Iran could be a bonanza for the Pakistani exporters of mango and Kinno.

Oct 03 - 09, 2005

Pakistan has sent first consignment of 50 tons of mangoes to Iran during the mango season this year. This consignment of Chaunsa variety of mangoes was sent under the supervision of Pakistan Horticulture Development & Export Board.

According to the Chief Operating Officer of the Board, the Iranian government had also allowed the import of 6,020 tons of mango from Pakistan and issued permits to different parties.

It may be recalled that Iran used to be the major buyer of Pakistani mangoes, which was later lost to other competitors obviously due to lack of proper marketing and quality concerns.

With the signing of a memorandum of understanding (MOU) with Iran, Pakistan is now on its way to retrieve the situation and its yearly mango export could go up to 100,000 tons in due course of time.

The latest consignment was delivered at the Bandar Abbas seaport as Iran had quarantine facilities only at the seaport and airports. It is yet to establish such facility at land entry points. Once the land quarantine facility is established at entry points, mangoes could be sent through land routes, making them more competitive in the Iranian market.

An Iranian team had also visited Pakistan and cleared all of its quarantine and other procedural requirements; Insurance process of mango consignments has also been started to cover all risks in the process. The cumulative effect of all these factors should encourage more exports and help Pakistan recover its lost ground in the Iranian market.

The Chief Executive Officer of the Board said that Iran would be a bonanza for the Pakistani exporters of mango and Kinno.

On his return from Iran, where he led a Pakistani delegation to explore possibilities of exporting mangoes and Kinnos, he said that Iranian importers have placed bulk trial orders for Pakistani mango and Kinno. Now, it is up to the Pakistani exporters to pull their stocks up and practically create capacity to handle such orders, which would only grow with the quality and meeting the export commitments on time.

The delegation of Pakistani exporters accompanied by Sadiq had one-to-one meetings with the importers in Iran. They also had detailed meetings with the Iranian trade officials and members of the chambers of commerce and industry. Fruits will be exported to Iran under a protocol signed between both the countries regarding quality, standards, storage preservation and certification of mangoes and Kinno.


A three-day promotion campaign was launched to introduce Pakistani mangoes in Shanghai recently. The Consulate General of Pakistan at Shanghai imported Pakistani mangoes, especially Chaunsa, which were presented to local government leaders, various trade chambers and commercial organizations and fruit importers.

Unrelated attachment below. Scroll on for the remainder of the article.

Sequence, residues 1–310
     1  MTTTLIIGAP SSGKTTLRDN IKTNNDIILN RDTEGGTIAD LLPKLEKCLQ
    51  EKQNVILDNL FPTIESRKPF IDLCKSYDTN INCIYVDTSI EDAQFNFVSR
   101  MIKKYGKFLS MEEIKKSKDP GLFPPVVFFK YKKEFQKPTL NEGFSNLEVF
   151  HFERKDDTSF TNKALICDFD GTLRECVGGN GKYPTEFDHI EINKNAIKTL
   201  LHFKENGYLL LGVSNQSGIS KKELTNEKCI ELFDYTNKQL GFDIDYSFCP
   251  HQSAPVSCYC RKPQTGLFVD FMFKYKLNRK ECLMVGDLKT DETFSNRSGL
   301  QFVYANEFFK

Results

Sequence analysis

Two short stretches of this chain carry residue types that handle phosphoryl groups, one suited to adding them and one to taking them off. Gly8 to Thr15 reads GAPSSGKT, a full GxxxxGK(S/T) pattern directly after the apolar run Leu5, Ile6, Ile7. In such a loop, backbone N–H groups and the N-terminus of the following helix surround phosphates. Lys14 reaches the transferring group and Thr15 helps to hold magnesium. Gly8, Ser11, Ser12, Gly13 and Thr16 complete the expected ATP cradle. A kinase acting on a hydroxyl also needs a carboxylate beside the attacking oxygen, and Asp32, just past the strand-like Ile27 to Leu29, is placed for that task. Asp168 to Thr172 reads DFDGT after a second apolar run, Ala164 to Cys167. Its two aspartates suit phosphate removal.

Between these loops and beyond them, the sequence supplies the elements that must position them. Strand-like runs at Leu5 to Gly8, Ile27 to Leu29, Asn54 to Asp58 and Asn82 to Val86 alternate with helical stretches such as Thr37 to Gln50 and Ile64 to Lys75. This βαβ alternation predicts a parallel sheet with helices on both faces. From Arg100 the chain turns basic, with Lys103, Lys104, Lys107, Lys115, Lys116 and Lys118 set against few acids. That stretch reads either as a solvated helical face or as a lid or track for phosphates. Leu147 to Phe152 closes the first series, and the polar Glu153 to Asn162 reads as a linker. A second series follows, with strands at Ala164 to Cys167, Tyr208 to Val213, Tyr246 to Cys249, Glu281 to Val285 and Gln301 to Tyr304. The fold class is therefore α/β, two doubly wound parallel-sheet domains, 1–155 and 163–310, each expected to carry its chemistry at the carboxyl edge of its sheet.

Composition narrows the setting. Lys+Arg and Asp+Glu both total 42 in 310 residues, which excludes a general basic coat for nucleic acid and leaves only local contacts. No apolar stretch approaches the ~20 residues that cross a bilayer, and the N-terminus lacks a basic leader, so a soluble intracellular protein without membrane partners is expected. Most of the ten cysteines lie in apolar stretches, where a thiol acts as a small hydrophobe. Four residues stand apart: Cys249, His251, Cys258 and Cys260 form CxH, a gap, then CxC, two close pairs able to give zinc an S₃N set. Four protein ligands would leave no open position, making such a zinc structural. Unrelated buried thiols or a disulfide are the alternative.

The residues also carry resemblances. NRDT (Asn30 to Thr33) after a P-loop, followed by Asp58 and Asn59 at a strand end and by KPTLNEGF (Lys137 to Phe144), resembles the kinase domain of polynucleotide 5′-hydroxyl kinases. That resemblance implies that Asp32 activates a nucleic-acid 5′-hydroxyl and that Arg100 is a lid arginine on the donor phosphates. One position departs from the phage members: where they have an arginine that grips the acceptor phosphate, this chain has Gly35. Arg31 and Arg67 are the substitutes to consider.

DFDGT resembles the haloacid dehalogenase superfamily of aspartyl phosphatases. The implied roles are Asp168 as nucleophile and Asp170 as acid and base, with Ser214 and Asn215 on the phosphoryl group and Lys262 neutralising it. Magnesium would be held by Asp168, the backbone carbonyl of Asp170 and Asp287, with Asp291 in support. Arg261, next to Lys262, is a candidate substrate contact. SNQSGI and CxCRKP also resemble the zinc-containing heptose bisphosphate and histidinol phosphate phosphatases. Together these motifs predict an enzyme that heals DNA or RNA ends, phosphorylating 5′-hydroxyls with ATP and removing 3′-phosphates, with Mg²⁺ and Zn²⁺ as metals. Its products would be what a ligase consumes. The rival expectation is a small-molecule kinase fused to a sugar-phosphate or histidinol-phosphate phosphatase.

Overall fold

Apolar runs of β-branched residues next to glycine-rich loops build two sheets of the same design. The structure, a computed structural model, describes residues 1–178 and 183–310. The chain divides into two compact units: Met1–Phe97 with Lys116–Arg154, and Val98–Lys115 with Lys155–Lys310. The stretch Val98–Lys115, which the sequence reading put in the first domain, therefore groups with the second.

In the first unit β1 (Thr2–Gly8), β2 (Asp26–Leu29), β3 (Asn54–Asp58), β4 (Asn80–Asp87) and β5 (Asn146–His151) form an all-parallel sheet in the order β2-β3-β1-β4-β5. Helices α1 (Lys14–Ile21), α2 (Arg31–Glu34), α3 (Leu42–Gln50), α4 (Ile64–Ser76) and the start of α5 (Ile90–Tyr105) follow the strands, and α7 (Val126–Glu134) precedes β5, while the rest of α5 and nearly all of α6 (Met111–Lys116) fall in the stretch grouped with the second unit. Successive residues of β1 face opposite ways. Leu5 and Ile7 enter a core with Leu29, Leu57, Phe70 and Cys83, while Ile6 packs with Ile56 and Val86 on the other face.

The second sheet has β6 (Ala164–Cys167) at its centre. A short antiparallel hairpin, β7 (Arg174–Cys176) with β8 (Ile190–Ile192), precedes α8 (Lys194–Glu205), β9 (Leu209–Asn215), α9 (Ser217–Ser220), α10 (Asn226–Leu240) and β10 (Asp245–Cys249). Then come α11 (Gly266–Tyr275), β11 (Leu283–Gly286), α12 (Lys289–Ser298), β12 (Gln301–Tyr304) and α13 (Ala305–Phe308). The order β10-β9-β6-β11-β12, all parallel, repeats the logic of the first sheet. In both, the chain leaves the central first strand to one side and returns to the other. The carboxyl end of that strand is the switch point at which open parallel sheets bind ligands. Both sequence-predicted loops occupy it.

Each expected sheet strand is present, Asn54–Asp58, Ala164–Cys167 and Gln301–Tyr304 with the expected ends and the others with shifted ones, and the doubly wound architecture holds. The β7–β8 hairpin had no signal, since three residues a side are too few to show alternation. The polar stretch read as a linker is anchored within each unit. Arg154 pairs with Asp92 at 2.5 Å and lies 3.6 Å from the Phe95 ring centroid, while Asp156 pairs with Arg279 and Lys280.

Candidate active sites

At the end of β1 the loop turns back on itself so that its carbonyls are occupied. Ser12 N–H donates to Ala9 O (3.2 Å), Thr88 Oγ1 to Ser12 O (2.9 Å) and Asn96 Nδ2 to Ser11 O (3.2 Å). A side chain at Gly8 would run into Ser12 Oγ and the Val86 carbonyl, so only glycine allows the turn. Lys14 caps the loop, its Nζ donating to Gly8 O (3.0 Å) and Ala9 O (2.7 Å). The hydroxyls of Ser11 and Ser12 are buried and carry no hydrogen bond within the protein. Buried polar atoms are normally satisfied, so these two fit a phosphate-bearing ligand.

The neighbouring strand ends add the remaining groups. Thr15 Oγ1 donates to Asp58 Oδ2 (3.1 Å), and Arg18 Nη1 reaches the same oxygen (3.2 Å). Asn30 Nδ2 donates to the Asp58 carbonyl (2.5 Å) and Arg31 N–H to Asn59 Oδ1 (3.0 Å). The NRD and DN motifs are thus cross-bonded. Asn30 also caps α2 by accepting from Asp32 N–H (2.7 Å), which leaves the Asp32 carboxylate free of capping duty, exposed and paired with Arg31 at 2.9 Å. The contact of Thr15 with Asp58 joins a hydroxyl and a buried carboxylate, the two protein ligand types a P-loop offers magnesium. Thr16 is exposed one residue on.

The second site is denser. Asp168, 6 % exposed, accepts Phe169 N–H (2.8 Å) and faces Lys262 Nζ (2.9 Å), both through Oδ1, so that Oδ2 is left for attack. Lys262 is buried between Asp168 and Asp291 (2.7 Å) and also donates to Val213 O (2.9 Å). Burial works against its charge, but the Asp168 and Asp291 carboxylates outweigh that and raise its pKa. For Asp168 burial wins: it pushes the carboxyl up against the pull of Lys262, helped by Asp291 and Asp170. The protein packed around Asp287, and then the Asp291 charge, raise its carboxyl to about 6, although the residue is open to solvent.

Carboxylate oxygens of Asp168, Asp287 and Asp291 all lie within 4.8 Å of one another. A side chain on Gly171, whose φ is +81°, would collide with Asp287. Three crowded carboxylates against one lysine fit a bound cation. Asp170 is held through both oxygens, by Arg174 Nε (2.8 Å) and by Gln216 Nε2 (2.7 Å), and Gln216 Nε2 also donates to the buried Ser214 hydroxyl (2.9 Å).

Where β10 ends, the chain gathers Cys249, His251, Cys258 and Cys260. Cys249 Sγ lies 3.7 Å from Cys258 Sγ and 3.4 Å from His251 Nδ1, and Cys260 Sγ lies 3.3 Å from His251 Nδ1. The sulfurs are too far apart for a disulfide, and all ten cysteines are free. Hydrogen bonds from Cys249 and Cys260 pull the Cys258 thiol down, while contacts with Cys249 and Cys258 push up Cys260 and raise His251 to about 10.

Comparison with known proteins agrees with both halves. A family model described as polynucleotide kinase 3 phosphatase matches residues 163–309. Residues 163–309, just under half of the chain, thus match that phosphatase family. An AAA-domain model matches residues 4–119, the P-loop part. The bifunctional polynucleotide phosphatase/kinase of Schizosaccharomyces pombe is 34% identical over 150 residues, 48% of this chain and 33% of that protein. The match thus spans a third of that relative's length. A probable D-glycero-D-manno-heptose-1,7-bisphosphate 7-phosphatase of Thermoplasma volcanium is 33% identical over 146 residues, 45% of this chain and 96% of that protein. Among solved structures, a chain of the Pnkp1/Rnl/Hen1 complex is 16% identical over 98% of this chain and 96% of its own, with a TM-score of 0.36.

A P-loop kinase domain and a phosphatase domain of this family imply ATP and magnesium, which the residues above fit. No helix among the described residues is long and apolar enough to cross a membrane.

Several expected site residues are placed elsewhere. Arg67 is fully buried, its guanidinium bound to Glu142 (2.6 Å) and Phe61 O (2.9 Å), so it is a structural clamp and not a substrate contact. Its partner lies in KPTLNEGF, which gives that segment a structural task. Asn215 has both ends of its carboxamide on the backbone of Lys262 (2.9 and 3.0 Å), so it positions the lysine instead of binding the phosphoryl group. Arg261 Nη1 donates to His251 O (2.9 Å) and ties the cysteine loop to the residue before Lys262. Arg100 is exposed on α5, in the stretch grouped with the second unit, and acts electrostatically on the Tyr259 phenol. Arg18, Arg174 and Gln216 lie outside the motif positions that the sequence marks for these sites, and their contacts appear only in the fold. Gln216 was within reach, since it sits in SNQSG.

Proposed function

An introductory free tasting of Pakistani mangoes was organized at Shanghai's largest shopping centre (Carrefour) located in the center of the town. A large number of Chinese and foreign nationals visited the mango display booth to taste mangoes. Free tasting of Pakistan's juicy mangoes was also arranged at restaurants at Nanjing road. Initial response was encouraging and almost all those who tried the mangoes highly appreciated the taste and flavor, saying this was the best mango they have ever tasted. The manager of the supermarket and the hotel owners were surprised at the customers' overwhelming response and decided to import mangoes from Pakistan.


Another 3-day mango festival of mango associated with salads, ice cream, shakes and other delicacies was also arranged to introduce mangoes in high-income customer venues in Sweden.

The President and the Prime Minister of Pakistan introduced the mangoes in their messages, which were read on that occasion. It is believed that such exhibitions and festivals for introducing Pakistani fruits especially mangoes and Kinno may significantly add to the exports of the country.

Pakistan citrus fruits are the most important fruit crops grown on the area of 160,000 hectares with an annual production of 1.5 MMT. Citrus fruit is grown in all four provinces of Pakistan but Punjab produces over 95% of the crop because of its greater population, favorable growing conditions and adequate water. Citrus are divided into different groups - sweet oranges, mandarin, grapefruit, lemon and lime - which are being grown commercially.

Major citrus growing areas in Pakistan include: Sargodha, Sahiwal, Lahore, Sialkot, Jhang, Mianwali, Multan, Gujranwala, Mardan, Peshawer, Swat, Swabi, Noshera and Hazzara, Sukkur, Khairpur, Nawabshah, Mekran, Sibi and Kech.


Apple is another important fruit of temperate climate and is very popular in the world. It was cultivated in Greece as early as 600 BC or earlier. During the time a number of wild varieties were known. Animals into Europe perhaps spread those varieties before much cultivation was practiced.

In Pakistan, apples are grown as Commercial Fruit Plants in Balochistan and N.W.F.P., since a long time ago. Because of its attractive income the growers in Swat, Dir, Mansehra, Para Chinar, Chitral, Hunza, North and South Waziristan Agencies took up apple plantation.

District Swat covers an area of approximately 4000 square miles in the Malakand Division. The area is mainly a river valley surrounded by mountains, which also have fertile valley feedings into the main Swat Plain. District Swat is the most important of all the apple producing districts of N.W.F.P. Next in importance comes the districts of Mansehra, Dir, Abbottabad, Chitral and Hunza.